Photo by Sunday Times | Patricia de Lille
Arms deal - Secrecy clause invoked
“I’d like to see if the investigators have the real desire to uncover the truth
and not for it to be another cover-up” - Gavin Woods
Cape Town mayor Patricia de Lille and retired banker Terry Crawford-Browne have
told the FM that they will be handing over their submissions to the arms deal
commission within two weeks.
But these submissions will not be made public. According to the commission’s
regulations, which were signed by President Jacob Zuma, this would be an
offence. This despite the fact that most of the documents that Crawford-Browne
and De Lille intend submitting are already in the public domain.
Says De Lille : “I find it strange that the commission would want to keep my
submissions secret despite the fact that most of the information contained in
those submissions would include what’s become known as the ‘De Lille dossier’.
Some of the information in that dossier has led to two successful prosecutions
in the cases of Schabir Shaik and Tony Yengeni. It is part of the public record
in both the supreme court of appeal and the constitutional court”.
Crawford-Browne concurs. He also intends making his submission “on or before the
19th of this month” and his submissions are, in part, already a matter of public
record at the constitutional court . “I insist on making my submissions public;
I have nothing to hide.”
As things stand under the regulations of the commission, which forms part of the
Commission Act of 1947, any document submitted or destined to be submitted to
the commission without the written permission of Judge Willie Seriti cannot be
made public. And in the event that the regulation is contravened, a person
convicted of this offence shall be subject to “a fine not exceeding R200, or
imprisonment for a period not exceeding six months”. Just on what basis these
highly divergent punishments would be meted out is unclear.
Spokesman William Baloyi says the commission does not want the submissions made
public as it wants to “ safeguard the integrity of the commission by ensuring
that it is not competing with a parallel public process ... ”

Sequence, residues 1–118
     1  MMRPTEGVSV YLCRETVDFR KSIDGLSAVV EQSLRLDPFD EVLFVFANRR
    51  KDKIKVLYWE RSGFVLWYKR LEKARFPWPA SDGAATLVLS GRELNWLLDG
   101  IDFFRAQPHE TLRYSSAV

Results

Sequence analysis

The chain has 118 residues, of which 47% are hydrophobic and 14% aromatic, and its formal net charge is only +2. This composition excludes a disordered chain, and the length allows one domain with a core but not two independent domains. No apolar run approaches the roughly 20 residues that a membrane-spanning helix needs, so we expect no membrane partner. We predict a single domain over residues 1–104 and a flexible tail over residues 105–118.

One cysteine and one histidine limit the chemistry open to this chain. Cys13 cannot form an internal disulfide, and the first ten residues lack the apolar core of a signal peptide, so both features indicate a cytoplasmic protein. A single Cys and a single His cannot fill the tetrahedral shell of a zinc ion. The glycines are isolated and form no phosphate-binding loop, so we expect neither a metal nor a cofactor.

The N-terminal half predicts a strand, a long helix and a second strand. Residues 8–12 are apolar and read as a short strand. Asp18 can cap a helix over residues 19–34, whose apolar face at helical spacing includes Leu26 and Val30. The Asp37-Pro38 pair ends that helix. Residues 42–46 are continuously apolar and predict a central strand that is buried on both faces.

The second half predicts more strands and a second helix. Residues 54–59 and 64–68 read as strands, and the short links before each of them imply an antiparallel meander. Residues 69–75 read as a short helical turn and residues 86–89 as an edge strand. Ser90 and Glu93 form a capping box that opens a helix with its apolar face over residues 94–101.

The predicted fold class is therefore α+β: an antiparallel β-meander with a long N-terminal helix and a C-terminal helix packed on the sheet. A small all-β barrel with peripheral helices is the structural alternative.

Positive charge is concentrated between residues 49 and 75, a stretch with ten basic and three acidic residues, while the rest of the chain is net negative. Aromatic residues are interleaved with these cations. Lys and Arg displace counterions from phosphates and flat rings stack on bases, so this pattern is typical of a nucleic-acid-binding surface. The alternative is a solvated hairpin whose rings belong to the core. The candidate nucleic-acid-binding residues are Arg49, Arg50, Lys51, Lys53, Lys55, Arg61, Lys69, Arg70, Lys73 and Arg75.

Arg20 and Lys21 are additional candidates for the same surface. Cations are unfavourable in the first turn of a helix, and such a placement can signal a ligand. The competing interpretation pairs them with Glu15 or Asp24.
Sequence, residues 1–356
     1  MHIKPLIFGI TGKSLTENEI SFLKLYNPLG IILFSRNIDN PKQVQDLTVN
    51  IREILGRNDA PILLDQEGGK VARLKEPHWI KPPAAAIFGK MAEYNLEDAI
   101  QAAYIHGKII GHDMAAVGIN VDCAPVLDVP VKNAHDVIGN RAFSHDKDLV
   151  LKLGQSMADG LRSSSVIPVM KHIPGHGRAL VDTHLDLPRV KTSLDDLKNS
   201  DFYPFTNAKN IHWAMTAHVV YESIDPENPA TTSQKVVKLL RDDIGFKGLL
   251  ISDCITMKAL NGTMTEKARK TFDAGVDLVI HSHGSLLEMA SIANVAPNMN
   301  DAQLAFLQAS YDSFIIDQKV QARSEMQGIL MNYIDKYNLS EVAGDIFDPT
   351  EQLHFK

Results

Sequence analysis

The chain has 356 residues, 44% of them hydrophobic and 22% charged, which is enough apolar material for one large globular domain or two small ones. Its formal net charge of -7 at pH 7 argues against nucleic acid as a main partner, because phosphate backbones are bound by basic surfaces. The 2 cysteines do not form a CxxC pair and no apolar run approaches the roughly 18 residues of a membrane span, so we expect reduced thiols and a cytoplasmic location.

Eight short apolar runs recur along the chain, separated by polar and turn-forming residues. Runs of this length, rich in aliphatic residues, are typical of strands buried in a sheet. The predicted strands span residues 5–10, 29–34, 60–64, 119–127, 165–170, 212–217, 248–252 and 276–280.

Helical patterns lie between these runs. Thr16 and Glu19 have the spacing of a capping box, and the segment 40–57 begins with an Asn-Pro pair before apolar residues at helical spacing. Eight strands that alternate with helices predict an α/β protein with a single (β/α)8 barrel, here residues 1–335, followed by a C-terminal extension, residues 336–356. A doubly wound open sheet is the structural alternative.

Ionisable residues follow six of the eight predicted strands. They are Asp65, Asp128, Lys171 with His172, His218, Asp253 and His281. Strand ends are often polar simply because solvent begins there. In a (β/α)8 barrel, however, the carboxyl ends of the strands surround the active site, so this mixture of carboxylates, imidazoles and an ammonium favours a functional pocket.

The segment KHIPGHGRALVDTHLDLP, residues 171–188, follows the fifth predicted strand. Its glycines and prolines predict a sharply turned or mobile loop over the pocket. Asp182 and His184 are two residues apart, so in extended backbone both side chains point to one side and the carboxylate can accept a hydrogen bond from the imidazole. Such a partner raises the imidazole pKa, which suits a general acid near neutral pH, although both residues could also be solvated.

University of Cape Town law professor Pierre de Vos says: “Even if the
regulations had good reasons, they seem far too broad. By making secrecy the
default position, it’s only a matter of time until they’re challenged and their
constitutional validity tested.”
Other prominent witnesses such as Richard Young, the defence contractor whose
affidavit formed part of Crawford- Browne’s constitutional court application,
tells the FM that he will be delaying the filing of his submissions until the
very last minute as he needs all the time available to complete it.
“It’s not just a question of making the submissions public. The way the
commission has been set up reminds me of the public protector hearings back in
2001, when anyone making submissions had to be prepared to face the cross-
examination of experienced senior counsel trained to break you. That’s why you
need to have your own legal team, which often means a senior counsel who works
with a junior counsel, who also works with an instructing attorney. The last
time I went through something like this, I spent approximately R120000 in 2001
money,” says Young.
The commission allows for people appearing before it to be assisted by an
advocate or attorney, but the regulations say that it will be at their own cost.
The other area of concern that may put witnesses off is the issue of
cross-examination. In the case of De Lille in 1999, when she first mentioned the
allegations contained in her dossier to parliament, there was legal protection.
This protection will not be there during the commission process.
Gavin Woods, a former chairman of parliament’s standing committee on public
accounts , has decided not to make a submission unless summoned to do so. He
told the FM that “with all the uncertainty surrounding the commission right now,
I’d like to wait and see if the investigators have the real desire to uncover
the truth and not for it to be another cover-up ”.
Lindo Xulu and Financial Mail.